Hugh Bolton Jones
Hugh Bolton Jones (1848-1927). "A Clear Stream," oil
on canvas, 16 x 26, signed. Registered for catalogue raisonee inclusion.
BOLTON JONES LANDSCAPES ARE
Born in Baltimore, Jones began his formal studies at the Maryland Institute under the portrait painter David Acheson Woodward and later with Horace W. Robbins, who had just returned from a year of travel with Frederic Edwin Church. So it should be no surprise that Jones came to study with Church, who is the chief influence on his work. You can see it in the light, which picks up Church's magnificent tonality. In 1876, Jones and his younger brother Francis Coates Jones began a four-year sojourn in Europe, where Jones completed some study at the Academy Julien. He joined the artist colony on the North coast of France in Pont-Aven, Brittany, which would later become an American center under the Harrisons. Upon his return to the United States, Jones settled in New York but purchased a summer cottage in South Egremont, Massachusetts, where he painted the Berkshires. Hudson River School influence, from Church, is seen in the rendering of brilliant midday light and formalist attention to exact natural details of the plein air scene. Jones' artistic intent was set on capturing the spectacle of a pictorial landscape as it varied across the seasonal spectrum. His scenery conveys its value through features brought into focus with exquisite detail and radiant tonality, here seen in the suffused pink that raises earthen browns and sharpens verdant greens as in his wonderful skunk cabbage.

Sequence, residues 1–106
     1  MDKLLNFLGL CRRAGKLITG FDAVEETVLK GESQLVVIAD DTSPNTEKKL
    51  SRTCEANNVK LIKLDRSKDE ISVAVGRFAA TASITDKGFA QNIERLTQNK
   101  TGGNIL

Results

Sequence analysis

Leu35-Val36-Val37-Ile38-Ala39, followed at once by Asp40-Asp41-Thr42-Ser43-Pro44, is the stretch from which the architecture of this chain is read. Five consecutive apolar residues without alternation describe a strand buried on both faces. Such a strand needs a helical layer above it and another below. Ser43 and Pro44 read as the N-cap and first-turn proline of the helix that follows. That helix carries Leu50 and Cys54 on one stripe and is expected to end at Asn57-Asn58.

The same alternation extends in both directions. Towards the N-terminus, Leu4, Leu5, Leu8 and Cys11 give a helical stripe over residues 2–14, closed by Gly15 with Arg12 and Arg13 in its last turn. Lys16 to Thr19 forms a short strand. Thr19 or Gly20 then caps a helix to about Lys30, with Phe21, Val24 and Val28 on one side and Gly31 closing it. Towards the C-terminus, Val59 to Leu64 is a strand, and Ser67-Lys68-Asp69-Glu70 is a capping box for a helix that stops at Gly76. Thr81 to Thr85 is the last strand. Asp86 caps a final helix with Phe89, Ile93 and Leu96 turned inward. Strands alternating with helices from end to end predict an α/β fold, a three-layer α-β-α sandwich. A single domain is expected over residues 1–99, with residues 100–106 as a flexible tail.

"The Meadow Brook" brought $57,600
Fishing the Stream brought $36,000
Jones' works were widely exhibited in the United States at the turn of the century, and their powerful gemlike focus on nature in the perfected moment continues to bring high prices today. He was elected to the Society of American Artists in 1881 and to the National Academy of Design (where he had exhibited in the 1860s and continued to do so for a record sixty years) in 1883. He was also a member of the American Water Color Society, the National Institute of Arts & Letters and the National Arts Club. He won medals for the paintings he submitted to the Columbian Exposition in Chicago in 1893; and at the 1889 and 1900 Paris Expositions. His paintings are in the permanent collections of the Metropolitan Museum of Art, the Pennsylvania Academy of Fine Art, the Corcoran Gallery of Art, the Brooklyn Museum, and the Smithsonian. The artist died in 1927 in New York City.